Retreat!

Our most excellent week in Serbia has come to an end, and we three are now unwinding our travel stack, if you will. We just arrived back at Schiphol, again via Zurich, and here we’ll stay overnight before catching our flights home.

(Or homeward, at least; Vlad’s labyrinthine travel arrangements have him spending about 20 hours in Toronto on Monday, before finally making it back to SFO. Quel jet setter!)

Before quitting the Continent tomorrow evening, Vlad and I are going to revisit Amsterdam proper for some additional gift/souvenir acquisition. And then I have at least two weeks at home, to which I am very much looking forward, I must say. Stuart and I may go into the city for dinner tonight, though the rain is somewhat offputting; we’ll see how persuasive he is.

Downshift

So far, my Serbian vacation has been great. Vlad has been a great host, as were his family when we drove down to Jagodina to pay a visit and escape Belgrade’s potent cocktail of heat, humidity, and smog.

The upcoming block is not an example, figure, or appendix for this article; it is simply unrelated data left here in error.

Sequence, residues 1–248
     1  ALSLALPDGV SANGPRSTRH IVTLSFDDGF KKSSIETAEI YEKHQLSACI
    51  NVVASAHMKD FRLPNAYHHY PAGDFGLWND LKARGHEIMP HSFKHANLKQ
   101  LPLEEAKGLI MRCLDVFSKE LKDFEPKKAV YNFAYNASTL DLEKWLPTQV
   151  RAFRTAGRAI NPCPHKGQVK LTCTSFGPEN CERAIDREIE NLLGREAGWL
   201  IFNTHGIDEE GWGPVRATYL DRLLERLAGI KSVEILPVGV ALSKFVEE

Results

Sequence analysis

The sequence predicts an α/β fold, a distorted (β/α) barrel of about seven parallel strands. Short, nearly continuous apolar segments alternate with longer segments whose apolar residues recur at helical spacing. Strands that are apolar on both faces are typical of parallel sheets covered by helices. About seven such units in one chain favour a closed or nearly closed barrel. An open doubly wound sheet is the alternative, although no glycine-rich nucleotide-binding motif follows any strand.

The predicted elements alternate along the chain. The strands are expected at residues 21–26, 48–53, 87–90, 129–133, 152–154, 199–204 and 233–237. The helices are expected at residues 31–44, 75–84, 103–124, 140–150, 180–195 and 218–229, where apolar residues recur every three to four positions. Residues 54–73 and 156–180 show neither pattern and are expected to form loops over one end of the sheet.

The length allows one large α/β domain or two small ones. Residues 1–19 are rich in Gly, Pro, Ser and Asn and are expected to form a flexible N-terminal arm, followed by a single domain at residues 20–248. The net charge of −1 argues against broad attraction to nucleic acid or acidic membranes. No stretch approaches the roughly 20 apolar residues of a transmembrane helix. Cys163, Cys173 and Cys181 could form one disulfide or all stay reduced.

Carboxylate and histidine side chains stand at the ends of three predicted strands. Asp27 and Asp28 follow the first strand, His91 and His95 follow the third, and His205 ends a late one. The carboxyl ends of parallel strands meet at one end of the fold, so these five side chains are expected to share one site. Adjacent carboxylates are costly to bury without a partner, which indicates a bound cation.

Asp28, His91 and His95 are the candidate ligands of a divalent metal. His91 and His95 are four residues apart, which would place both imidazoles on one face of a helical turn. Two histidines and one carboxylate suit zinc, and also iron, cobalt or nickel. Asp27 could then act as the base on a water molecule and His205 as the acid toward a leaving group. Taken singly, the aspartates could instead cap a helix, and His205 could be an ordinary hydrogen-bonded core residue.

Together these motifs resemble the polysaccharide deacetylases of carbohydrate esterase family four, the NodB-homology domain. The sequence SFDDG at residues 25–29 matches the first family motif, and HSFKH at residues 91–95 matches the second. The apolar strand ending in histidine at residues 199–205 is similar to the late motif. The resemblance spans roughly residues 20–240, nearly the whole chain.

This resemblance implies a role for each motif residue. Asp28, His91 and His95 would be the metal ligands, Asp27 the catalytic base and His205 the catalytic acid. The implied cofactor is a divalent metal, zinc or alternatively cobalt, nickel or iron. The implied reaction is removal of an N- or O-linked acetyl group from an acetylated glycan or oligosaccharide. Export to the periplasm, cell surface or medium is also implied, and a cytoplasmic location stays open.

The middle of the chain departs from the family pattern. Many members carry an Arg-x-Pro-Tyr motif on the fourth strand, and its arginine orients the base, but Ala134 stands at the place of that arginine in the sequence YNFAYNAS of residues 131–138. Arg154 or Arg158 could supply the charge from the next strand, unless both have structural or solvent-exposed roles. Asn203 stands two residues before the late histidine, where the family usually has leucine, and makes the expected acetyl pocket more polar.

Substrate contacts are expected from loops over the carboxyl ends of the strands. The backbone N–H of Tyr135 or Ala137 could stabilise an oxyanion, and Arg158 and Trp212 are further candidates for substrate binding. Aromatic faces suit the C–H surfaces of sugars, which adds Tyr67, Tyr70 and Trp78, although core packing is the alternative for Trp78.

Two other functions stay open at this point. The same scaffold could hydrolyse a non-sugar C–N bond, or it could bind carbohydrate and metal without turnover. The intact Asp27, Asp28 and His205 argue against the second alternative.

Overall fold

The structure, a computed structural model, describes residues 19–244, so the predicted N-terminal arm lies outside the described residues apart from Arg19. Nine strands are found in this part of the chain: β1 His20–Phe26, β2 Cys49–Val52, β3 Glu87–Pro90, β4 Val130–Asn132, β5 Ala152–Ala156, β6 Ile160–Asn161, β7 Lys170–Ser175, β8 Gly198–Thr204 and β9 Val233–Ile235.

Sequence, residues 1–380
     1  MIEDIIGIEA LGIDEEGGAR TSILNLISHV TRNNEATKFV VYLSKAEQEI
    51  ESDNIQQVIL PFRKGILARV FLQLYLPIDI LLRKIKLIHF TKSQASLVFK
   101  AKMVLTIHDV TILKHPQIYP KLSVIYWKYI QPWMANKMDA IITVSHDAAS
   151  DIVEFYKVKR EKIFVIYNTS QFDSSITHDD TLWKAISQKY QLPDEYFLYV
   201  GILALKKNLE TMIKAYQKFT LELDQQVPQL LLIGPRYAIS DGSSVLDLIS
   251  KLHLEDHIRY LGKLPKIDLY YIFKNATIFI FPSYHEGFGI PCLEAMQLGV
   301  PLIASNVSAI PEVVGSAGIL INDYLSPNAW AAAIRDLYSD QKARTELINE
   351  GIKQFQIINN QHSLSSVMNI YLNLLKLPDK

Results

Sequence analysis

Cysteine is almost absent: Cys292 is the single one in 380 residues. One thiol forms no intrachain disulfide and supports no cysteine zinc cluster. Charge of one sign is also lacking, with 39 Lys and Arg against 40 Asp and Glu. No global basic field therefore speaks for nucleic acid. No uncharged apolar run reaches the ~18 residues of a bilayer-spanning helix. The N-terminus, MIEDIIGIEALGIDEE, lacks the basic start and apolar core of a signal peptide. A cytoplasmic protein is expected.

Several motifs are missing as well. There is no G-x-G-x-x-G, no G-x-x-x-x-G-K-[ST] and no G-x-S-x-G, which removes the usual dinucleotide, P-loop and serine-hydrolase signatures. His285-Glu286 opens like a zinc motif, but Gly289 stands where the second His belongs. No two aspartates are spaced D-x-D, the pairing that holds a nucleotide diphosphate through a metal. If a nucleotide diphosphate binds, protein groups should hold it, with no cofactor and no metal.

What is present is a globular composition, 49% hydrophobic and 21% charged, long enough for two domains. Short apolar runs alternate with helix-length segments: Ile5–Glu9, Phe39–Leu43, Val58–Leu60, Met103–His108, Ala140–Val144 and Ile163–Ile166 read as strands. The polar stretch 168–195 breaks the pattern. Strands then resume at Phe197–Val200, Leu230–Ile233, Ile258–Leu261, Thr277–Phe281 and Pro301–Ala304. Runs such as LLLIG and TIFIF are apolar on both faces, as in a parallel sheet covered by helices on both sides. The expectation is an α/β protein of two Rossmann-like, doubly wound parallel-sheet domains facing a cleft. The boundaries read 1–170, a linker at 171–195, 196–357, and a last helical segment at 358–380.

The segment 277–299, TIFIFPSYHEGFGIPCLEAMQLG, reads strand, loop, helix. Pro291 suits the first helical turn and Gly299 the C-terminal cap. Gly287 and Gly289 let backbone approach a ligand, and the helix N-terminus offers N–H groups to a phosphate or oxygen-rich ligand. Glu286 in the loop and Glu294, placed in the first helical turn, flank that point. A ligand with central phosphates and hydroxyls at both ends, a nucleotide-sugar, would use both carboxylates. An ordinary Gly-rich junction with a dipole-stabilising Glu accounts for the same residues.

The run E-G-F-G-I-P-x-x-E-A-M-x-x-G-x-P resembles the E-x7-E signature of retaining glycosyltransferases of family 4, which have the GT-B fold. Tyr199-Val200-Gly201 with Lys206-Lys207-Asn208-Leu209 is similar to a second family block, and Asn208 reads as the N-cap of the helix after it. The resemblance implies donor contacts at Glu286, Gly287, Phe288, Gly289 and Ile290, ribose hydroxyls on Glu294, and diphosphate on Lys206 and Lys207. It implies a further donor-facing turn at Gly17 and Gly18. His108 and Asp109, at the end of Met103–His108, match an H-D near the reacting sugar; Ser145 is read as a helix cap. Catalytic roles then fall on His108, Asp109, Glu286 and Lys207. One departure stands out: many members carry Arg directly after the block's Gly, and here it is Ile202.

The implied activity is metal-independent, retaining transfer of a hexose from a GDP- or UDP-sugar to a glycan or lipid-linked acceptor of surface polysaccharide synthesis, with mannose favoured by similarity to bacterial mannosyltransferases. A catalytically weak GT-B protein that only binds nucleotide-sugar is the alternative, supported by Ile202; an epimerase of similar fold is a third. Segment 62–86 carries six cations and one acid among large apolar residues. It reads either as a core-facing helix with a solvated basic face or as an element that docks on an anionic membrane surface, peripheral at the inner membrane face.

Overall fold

My mastery of the Serbian language remains frustratingly incomplete, but I was able to wander out on my own and get a drink and food the other night without too much difficulty. Comprehension remains alarmingly fragile, with “we only serve drinks now” being no problem and “we don’t serve food now” requiring several passes of “ne razumem” to resolve. I’m starting to feel like each new word takes up less brainspace now, though, which is a pleasant knee-in-the-curve sensation I recall from my early days of studying Latin, or for that matter various computer languages and environments. Vlad still makes fun of my pronunciation of several words, including the crucial “hiljadu”, or “thousand”. Given that a 1000-dinar note is equivalent in buying power to a little more than $20, this is a pretty useful word, especially when one is locked in battle with a waitress over the making of change.